The skill of partner selection part 2 – the wooly bit

The last post talked about relationship makers and dealbreakers – things that are pretty cut and dry.  This post is about the desires, preferences and minor annoyances that you can have much more flexibility about.  There is the squee factor – those things that make you wobbly in the knees and the grit factor – the things that irritate you on a difficult day, but you’d never end a relationship over.

 

What is the squee factor?

Whoever you are, there are likely things that make you weak at the knees.  They could be power exchange, being brought breakfast, ringlets, being cuddled or even getting a massage.  Some people love intelligence, others particular bodies or body parts, still others dynamics or interactions.  Whatever it is, there will be things that make you excited about a prospective partner.  The trick here is knowing the difference between things that make relationships work for you when they are present, and things that simply create chemistry and excitement for you.  The former is about compatibility, they later is about what I call squee.

Recognising what gives you squee about another person is important for two main reasons.  Firstly, if you can differentiate between squee factors and relationship makers, you can assess both the chemistry that you have with someone and also the compatibility.  If you have more chemistry than compatibility – especially if you’re also seeing potential deal breakers – it is a warning sign.  Secondly, if you *stop* feeling bubbly about something that used to make you squee, that is an early warning sign that something might be going amiss.  Especially if the thing that used to make you wobbly at the knees is now irritating you.  Something that nearly always makes me weak at the knees is being touched or hugged by a partner, especially when it is unexpected or ‘just because’.  If I find that I’m getting irritated by a partner doing that, there is usually something going on.  Either I’m feeling disconnected from them, or there is a wider issue in our relationship – one that is floating under the surface that I’m not yet aware of.  Of course, it could just be that I’m being a grumpy sod, in which case I can just let it go; or that I don’t like being hugged when I’m cooking – in which case it is useful information to share.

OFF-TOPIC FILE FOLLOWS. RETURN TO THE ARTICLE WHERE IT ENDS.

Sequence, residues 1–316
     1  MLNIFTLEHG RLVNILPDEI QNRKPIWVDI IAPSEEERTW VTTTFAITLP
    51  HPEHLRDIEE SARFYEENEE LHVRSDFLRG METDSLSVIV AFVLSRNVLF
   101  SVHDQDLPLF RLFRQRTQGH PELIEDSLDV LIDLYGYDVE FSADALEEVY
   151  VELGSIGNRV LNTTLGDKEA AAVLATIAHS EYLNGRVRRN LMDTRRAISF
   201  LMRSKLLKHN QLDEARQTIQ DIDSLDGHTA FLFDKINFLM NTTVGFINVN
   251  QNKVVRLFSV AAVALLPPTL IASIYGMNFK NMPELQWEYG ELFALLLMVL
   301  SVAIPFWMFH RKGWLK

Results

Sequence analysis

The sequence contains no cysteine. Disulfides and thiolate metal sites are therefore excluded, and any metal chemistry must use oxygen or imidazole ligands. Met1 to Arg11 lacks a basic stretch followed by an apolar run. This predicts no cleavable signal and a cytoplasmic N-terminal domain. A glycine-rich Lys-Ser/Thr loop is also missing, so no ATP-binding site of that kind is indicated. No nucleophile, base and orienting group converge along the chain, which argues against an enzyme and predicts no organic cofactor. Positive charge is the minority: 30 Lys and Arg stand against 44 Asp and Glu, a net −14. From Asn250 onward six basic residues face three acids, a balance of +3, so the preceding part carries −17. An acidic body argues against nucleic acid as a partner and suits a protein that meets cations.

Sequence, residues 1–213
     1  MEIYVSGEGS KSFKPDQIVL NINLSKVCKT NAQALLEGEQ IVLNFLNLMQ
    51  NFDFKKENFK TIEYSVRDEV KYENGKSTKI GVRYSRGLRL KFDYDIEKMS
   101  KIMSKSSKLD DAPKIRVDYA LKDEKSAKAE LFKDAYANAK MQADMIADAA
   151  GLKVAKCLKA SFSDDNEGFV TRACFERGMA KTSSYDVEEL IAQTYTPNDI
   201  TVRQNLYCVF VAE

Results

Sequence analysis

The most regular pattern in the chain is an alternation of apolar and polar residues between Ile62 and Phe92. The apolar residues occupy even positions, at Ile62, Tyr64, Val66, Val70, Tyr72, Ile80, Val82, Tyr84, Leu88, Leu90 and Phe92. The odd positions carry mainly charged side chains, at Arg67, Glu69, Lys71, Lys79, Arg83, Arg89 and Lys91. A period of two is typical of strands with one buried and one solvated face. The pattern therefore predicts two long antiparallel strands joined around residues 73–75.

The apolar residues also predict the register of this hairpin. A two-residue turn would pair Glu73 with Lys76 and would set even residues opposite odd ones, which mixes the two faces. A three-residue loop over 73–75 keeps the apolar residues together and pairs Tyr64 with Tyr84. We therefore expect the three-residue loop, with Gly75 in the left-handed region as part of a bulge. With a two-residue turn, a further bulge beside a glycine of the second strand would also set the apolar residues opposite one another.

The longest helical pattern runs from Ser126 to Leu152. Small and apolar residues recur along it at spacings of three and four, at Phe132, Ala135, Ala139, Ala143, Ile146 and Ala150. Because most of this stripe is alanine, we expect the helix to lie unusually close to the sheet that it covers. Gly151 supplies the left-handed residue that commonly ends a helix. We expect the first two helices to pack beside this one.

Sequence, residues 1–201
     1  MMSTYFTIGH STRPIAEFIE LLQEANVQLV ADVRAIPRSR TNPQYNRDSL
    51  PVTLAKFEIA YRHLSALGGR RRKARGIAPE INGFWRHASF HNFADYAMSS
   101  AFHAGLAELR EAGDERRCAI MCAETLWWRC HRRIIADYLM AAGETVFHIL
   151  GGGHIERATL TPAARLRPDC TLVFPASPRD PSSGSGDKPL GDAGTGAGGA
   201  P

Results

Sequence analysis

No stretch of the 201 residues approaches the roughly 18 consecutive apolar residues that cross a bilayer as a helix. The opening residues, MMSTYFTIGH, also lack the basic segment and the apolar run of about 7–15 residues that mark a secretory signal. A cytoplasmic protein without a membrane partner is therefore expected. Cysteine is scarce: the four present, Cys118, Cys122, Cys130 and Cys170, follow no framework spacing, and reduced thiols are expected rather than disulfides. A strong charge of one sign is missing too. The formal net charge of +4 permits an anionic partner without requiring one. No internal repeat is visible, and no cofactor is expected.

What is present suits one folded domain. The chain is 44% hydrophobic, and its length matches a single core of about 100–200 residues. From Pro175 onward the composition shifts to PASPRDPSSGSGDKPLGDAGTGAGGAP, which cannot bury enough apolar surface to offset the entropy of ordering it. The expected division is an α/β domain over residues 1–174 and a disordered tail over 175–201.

What is the grit factor?

The grit factor refers to things that are not your preference, perhaps they are even things you don’t like, but that are not relationship ending.  I call these grit factors because it is a lot like having a bit of grit in your shoe.  Most of the time it doesn’t bother you, but if your foot gets into just the wrong place you can’t think about anything else.  It makes you want to take your shoe off.  Most of the time it is hard to know what these things are before you get into a relationship – there are just so many things that might annoy a person.  A big one for me is the cutlery drawer of the dishwasher.  I know. It isn’t very rational.  When I am feeling friction in a relationship, a partner not putting the cutlery into that draw in an orderly manner (by which I mean separating out all the different things) will drive me insane.  Not insane enough to break up with them, but certainly enough to make me feel snappy and irritable. Given that I’m not an especially tidy person it doesn’t make a lot of sense.  Nevertheless, it is a thing for me.  Leaving the loo seat up is similar – though thankfully I haven’t dated anyone that stood to pee for over 15 years (despite dating cis and trans women and men and NB folk in that period!).   Grit is not a dealbreaker.  It is an area of minor incompatibility, that like the squee factor is a useful device for taking the temperature of a relationship.

While deal breakers are things you should know about in advance, it is quite normal to figure out the grit in a relationship over time.  It might be that things that you thought were grit turn out to be deal breakers – or, unusually, things that you thought were deal breakers were actually grit (though this may well be wishful thinking).  Grit serves an important function.  Just like you may notice when you’re not longer so full of love and goo when your person does something that previously turned you to mush, you will notice when something that acts like grit starts getting REALLY annoying.  When that happens, it is time to look for what is really going on in your relationship.  I guarantee you, it won’t be that a partner has mixed up the cutlery drawer of the dishwasher. It is a helpful prompt to look at the deeper stuff going on between you and to do a health check on your relationship.

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